The following article by Bishop Nicholas Holtam appeared in the Church Times this week.
This year’s season of prayer for God’s creation has seldom seemed more timely
THIS September marks the tenth anniversary of the adoption by Britain of Churches Together in Britain: a season beginning at the start of the Orthodox Church year on 1 September, running through to the feast of St Francis on 4 October. It offers an excellent time for churches to link the popular tradition of harvest festival into a theology of creation and the care of our common home.
In parallel, it is also ten years since the UK passed the Climate Change Act, and 30 years since the first convening of the Intergovernmental Panel on Climate Change (IPCC), an international body which assesses the science related to climate change. The latter will meet in Korea as Creationtide draws to a close to publish its sixth assessment report, which will be a key resource for world governments as they ponder on making good the momentous yet fragile commitments of the Paris Accord.
This year’s season of prayer for God’s creation has seldom seemed more timely.
Alongside Creationtide materials for worship and discussion, the Church of England has also published a series of Letters for Creation written by Anglican Primates around the globe (extracts in this pdf of the whole article), highlighting the effects of climate change in different regions. The message running through the accounts is clear: climate change is here, it is current, and it is affecting the poorest and most disadvantaged communities first and most severely.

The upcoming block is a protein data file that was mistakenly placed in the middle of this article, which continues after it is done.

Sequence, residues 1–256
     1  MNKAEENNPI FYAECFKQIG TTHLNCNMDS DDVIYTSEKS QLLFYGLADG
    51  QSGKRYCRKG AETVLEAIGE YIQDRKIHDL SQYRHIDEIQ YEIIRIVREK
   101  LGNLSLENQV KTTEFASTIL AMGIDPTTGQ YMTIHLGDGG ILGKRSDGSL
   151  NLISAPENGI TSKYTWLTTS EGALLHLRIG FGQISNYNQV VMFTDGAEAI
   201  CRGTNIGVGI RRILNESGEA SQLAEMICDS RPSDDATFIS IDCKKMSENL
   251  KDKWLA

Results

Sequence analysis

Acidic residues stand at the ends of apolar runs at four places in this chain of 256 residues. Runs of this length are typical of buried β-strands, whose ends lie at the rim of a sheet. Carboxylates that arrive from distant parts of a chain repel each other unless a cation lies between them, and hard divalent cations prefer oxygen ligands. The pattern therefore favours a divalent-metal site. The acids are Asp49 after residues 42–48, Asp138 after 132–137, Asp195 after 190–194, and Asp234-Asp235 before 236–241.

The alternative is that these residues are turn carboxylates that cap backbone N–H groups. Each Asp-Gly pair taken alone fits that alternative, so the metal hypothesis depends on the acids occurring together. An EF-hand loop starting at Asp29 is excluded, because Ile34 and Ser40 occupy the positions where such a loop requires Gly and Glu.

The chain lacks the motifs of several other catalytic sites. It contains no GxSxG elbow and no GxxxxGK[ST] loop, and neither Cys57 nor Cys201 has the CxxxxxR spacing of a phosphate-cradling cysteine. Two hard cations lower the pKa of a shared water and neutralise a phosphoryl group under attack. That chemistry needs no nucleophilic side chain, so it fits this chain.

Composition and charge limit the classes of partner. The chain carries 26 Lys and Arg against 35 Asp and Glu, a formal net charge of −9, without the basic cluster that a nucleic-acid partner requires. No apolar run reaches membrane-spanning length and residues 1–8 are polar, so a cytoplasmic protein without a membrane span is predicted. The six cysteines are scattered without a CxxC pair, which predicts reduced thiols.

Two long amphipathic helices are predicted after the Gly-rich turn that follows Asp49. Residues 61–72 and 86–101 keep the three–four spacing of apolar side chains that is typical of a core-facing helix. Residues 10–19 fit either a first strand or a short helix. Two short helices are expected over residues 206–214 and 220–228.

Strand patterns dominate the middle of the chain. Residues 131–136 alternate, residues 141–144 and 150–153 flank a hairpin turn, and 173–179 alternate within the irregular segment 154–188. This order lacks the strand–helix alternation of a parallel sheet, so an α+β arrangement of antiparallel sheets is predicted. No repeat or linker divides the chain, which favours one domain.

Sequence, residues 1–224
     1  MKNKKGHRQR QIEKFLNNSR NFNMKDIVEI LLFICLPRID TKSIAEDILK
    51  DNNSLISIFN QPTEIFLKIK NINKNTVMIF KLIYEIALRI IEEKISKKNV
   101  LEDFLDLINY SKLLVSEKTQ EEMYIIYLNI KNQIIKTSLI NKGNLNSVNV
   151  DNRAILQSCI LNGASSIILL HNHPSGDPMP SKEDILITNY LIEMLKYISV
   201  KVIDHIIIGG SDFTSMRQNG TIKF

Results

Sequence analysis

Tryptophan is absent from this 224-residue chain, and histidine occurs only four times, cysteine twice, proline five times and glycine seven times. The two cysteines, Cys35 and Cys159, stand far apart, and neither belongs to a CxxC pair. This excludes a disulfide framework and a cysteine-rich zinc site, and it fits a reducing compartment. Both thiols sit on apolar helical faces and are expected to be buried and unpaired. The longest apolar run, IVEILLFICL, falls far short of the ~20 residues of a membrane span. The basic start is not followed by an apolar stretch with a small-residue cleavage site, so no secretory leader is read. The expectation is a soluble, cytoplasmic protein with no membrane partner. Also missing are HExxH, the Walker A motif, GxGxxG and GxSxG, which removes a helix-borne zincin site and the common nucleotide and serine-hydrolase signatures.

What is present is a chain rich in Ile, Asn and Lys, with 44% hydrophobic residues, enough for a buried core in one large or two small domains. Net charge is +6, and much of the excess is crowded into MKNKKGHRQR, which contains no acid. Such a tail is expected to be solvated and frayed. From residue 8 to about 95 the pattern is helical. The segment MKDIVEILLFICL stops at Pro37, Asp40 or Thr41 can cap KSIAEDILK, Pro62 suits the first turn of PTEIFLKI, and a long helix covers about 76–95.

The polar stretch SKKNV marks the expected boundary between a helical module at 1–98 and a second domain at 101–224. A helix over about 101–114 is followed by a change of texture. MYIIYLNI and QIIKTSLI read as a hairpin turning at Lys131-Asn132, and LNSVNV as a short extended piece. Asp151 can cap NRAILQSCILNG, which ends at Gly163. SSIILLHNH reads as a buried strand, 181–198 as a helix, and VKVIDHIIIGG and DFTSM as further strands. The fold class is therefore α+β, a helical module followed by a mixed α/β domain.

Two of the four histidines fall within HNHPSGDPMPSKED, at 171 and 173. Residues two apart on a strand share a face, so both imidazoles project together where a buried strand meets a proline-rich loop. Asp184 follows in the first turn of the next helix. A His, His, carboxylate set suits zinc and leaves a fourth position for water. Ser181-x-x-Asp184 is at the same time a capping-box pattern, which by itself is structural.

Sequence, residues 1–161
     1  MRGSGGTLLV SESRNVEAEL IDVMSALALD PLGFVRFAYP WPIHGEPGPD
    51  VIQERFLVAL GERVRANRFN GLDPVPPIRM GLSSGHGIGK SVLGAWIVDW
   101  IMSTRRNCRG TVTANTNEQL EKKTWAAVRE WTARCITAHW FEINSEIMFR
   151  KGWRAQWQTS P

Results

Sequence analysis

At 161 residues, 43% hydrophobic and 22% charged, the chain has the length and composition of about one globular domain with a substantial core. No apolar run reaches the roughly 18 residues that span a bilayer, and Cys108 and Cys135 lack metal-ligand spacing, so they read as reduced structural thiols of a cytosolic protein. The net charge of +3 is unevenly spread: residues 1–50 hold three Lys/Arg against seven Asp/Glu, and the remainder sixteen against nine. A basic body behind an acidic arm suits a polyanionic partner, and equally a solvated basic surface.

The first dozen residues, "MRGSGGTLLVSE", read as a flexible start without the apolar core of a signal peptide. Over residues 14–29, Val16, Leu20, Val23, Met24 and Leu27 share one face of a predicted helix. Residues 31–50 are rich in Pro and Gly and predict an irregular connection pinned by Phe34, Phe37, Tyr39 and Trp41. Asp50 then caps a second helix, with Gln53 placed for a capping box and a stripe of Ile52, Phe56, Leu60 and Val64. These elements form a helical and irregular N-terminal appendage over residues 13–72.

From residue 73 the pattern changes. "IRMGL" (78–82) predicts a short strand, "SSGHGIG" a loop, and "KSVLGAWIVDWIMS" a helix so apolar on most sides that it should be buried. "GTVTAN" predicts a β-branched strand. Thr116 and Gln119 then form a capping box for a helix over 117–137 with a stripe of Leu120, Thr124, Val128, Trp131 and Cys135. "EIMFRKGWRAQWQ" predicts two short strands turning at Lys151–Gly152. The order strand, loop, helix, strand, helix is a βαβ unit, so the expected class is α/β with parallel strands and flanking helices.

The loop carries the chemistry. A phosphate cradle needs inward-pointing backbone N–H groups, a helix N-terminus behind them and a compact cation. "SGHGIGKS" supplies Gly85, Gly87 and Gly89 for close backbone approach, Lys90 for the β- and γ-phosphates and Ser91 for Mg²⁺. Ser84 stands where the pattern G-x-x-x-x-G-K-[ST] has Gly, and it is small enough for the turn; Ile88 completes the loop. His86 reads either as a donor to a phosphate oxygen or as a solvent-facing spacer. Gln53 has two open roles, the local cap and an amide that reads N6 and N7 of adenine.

While the Government’s review of the goals of the Climate Change Act is likely to detail some significant achievements, we are only beginning the changes required over the next 30 years to move to a sustainable footing.
The current country commitments to the Paris Agreement will deliver temperature rises of well above the target of no more than 2°C global warming. The ambition of 1.5°C will be even harder to achieve. For some of the more vulnerable, such as the Pacific island states that pushed for this at Paris, it is the difference between life and death.
In Paris, governments committed to the regular review of targets. Five years on, 2020 will be an important staging post, and governments need to step up their climate action now. We can also do more as individuals and communities by slashing energy waste and increasing efficiency, as well as by encouraging the new technology that is beginning to deliver an industrial revolution.
The Church of England has made significant strides to support this, with recently reported success in helping parishes to move to green energy tariffs, and as a voice in the ear of energy companies through its investment portfolio, leading shareholder resolutions which put pressure on large companies to expedite their transition to greener impacts. But we cannot stop here; individually and collectively, we can do more, and must do more.
Given what we know, we have a choice: life or death; a short-sighted consumerism or a longer-term sustainable renewal of God’s earth. The choice is ours, and it has an impact now, and on our children’s children. My prayer this Creationtide is that we will take the only real option.
The Rt Revd Nicholas Holtam is the Bishop of Salisbury and the C of E’s lead bishop on the environment.